Lay Offs E-mail
Written by APB Staff   
In yet another round of budget cuts designed to help a police department meet its spending requirements, the Michigan State Police recently announced “position eliminations,” a well known euphemism for firings.

“There is no doubt this is going to negatively impact our operation,” said Captain Myles McCormack. “It’s going to make it much more difficult for us to provide the same level of public safety and service as we have in the past.”

In addition to the trooper and sergeant positions to be eliminated, the state police laboratory in Marquette will also lose a polygraph operator position.

“At this point in time, there’s no telling how long these troopers are going to be laid off or if they will ever come back to the department,” McCormack said. “We are going to continue to do the best we can in providing safety and service.”

As many as 112 employees will have their job responsibilities change or be reassigned statewide as a result of the department’s spending reduction plan, designed to address the $13.6 million deficit the department is projecting for the current fiscal year.  Another 46 employees are going to have their jobs eliminated before the process is completed.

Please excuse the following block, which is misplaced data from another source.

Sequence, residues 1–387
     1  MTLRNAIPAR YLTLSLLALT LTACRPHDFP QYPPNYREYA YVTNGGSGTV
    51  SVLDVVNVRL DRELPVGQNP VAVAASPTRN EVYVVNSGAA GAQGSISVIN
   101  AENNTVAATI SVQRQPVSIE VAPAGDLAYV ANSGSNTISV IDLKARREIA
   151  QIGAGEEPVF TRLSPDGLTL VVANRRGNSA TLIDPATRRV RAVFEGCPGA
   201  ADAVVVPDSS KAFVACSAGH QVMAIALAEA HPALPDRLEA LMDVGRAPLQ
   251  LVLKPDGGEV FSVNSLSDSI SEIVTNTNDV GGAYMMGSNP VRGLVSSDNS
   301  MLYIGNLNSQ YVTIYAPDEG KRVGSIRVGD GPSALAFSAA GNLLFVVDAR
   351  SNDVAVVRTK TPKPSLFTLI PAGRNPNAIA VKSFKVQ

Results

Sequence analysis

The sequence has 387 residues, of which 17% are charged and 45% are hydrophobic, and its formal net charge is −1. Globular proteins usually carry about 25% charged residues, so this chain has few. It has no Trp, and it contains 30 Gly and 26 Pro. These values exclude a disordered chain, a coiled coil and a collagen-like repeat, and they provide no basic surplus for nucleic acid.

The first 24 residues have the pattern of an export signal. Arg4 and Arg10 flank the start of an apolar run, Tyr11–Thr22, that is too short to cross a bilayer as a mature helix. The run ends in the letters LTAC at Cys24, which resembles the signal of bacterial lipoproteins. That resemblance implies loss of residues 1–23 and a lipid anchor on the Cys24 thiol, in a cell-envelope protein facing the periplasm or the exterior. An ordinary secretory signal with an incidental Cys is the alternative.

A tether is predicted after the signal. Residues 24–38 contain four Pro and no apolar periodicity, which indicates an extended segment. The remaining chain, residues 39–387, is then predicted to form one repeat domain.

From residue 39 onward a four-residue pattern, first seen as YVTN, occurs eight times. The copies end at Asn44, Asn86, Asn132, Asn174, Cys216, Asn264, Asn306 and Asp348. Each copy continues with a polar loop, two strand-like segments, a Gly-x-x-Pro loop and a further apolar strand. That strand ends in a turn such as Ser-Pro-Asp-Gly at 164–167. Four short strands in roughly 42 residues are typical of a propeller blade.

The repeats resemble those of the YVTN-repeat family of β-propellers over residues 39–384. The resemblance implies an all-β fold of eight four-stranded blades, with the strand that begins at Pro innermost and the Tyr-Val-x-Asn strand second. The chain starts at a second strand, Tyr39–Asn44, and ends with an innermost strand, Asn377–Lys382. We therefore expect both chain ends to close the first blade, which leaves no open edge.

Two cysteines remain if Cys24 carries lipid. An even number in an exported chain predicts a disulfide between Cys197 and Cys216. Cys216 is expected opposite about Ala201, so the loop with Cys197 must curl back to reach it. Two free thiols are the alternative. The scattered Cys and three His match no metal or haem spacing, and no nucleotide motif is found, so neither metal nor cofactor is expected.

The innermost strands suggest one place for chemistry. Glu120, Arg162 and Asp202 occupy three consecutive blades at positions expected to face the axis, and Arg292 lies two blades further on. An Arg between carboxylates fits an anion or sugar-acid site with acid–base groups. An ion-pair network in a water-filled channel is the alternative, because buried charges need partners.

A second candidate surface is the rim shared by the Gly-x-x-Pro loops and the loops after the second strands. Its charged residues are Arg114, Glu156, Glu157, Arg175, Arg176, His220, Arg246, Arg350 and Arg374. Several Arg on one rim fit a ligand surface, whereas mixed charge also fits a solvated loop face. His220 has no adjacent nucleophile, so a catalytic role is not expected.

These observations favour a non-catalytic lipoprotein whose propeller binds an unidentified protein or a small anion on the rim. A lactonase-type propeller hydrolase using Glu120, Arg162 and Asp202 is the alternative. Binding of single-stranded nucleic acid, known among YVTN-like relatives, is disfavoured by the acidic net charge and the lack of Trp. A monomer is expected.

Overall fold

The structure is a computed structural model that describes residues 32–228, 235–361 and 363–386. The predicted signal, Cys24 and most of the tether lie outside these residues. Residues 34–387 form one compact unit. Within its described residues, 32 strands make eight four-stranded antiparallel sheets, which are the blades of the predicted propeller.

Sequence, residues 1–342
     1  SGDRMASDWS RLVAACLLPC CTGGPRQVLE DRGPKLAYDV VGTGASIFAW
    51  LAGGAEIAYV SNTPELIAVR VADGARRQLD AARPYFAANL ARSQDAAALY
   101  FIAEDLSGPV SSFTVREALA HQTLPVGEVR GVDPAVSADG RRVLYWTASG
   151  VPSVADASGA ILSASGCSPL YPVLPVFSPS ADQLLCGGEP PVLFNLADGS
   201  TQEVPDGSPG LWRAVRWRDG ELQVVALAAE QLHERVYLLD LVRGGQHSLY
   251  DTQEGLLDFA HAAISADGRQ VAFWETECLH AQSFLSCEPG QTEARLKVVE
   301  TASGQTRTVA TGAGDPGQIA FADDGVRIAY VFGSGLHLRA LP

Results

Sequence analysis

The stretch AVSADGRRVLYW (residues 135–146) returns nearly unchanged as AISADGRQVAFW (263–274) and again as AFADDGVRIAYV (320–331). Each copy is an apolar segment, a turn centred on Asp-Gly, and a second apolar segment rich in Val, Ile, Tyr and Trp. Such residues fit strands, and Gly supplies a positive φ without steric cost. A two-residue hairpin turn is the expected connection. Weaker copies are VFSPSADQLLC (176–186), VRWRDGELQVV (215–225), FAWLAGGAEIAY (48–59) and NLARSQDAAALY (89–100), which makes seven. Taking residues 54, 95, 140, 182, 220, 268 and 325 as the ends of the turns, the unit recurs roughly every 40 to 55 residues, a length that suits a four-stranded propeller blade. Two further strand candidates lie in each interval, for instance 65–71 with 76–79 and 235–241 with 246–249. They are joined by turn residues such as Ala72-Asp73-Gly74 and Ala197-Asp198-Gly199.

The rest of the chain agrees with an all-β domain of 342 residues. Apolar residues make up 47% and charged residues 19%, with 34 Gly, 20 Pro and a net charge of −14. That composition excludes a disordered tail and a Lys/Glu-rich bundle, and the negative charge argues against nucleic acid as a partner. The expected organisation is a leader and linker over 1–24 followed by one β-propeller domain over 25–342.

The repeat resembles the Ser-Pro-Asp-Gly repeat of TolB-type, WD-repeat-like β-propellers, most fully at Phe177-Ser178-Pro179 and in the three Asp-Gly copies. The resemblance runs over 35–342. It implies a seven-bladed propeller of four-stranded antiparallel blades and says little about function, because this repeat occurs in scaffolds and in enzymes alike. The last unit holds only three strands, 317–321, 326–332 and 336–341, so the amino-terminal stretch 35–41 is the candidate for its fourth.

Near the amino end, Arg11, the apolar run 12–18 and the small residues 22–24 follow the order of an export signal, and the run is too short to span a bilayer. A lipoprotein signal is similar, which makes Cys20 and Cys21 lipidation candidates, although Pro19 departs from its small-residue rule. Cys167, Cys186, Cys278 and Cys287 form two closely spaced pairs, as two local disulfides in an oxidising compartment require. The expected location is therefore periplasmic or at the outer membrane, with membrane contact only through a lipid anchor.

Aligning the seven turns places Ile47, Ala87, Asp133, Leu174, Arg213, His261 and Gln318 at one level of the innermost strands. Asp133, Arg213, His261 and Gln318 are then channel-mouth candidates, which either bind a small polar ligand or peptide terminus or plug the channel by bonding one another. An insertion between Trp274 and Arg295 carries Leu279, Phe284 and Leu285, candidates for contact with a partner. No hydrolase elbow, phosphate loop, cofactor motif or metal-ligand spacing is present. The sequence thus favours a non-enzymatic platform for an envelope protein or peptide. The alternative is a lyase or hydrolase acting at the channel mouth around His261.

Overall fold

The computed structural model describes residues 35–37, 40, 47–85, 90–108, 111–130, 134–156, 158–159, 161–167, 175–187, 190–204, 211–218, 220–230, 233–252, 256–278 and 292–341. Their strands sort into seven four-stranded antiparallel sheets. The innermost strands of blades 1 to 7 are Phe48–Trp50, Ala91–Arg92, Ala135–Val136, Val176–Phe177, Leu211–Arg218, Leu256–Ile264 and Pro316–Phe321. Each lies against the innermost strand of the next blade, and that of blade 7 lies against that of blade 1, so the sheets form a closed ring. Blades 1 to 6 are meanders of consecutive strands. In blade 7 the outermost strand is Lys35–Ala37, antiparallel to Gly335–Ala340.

According to a press release, 22 command officers, four sergeants and 14 civilian employees were reassigned March 12 from their current positions into “non-general fund” vacancies throughout the department in an attempt to save general fund monies and reduce the need for additional layoffs.

Deciding to make the cuts and telling cops they’re out of a job hasn’t been easy, said Col. Peter C. Munoz, director of the Michigan State Police.

“After several years of belt-tightening, there were no easy areas left to cut,” Munoz said. “We made every effort to minimize the affect on public safety and to our employees, but with such a large deficit and approximately 80 percent of our General Fund monies used for payroll, tough decisions had to be made.”

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Comments (2)Add Comment
Deputy / Supervisor
written by T.W., May 02, 2008
I'll bet the general public feels real safe with fewer Michigan State Police on the roadway! Law enforcement is always the first to be cut when an area feels the tightening belt of the economy. Rest assured, the criminal will element knows and is just waiting for their opportunity to commit illegal acts in the community that has gotten rid of their protection. It just does not make sence! >:(
General Fund
written by steven kulick, April 13, 2009
To the powers that be/or not to be!


Reading this article makes my head spin. Sounds like the same old story we are facing in Virginia. I am stumped on why such a critical resource like law-enforcement is forced to pull from a general fund. Is this not an important enough of a service to the community that these states cant find ways to come up with a seperate Public Safety Fund???? Wake up folks!

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